Czechs and the Labour Day
May 1st is still a national holiday in the Czech Republic - Labour Day Holiday - though not many people in this country observe it as such. The years of May Day parades and socialist slogans extolling the virtues of work have put them off all that.
Somewhere mid-way down the plain was the tribune, where all the important Communist party leaders stood - and from the lofty height of the tribune - they raised their hands in greeting to the river of socialist workers streaming below them, smiling and waving to show how happy they were to be working and living in Communist Czechoslovakia.
That is not to say that they smiled and waved throughout the long parade for the sheer joy of it- merely when they came close to the tribune -so that there were constant and -seemingly endless - outbursts of good cheer just below the Communist party officials.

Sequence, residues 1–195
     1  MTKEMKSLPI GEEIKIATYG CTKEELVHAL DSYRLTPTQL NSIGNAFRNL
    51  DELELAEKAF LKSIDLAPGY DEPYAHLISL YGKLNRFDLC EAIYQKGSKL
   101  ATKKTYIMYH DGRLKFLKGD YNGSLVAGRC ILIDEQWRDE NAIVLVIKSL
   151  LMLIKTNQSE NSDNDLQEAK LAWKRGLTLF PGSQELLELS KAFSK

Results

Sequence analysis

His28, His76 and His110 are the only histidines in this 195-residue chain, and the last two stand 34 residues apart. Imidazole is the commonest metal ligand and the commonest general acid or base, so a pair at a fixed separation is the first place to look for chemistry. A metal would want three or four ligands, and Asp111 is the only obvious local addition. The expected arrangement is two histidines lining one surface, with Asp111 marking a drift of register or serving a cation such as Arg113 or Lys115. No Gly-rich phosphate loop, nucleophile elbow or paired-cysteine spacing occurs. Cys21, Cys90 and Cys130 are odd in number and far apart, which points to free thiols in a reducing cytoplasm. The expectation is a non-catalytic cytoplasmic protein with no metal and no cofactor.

Once one got past the tribune and far enough down the street it was easy to slip away down one of the many side streets and people just wandered off in various directions - mostly to enjoy a stroll in the spring weather, buy the kids a balloon and hot dog or seek refreshment at one of Prague's many pubs.
As a result, most Czechs have an inbred cynicism for "organised mass events" and on most national holidays they simply leave Prague for a pleasant and undisturbed weekend at their country cottage. Twelve years after the fall of Communism, the Communists and Social Democrats still observe Labour Day with an open air rally every year -but only a smattering of people attend.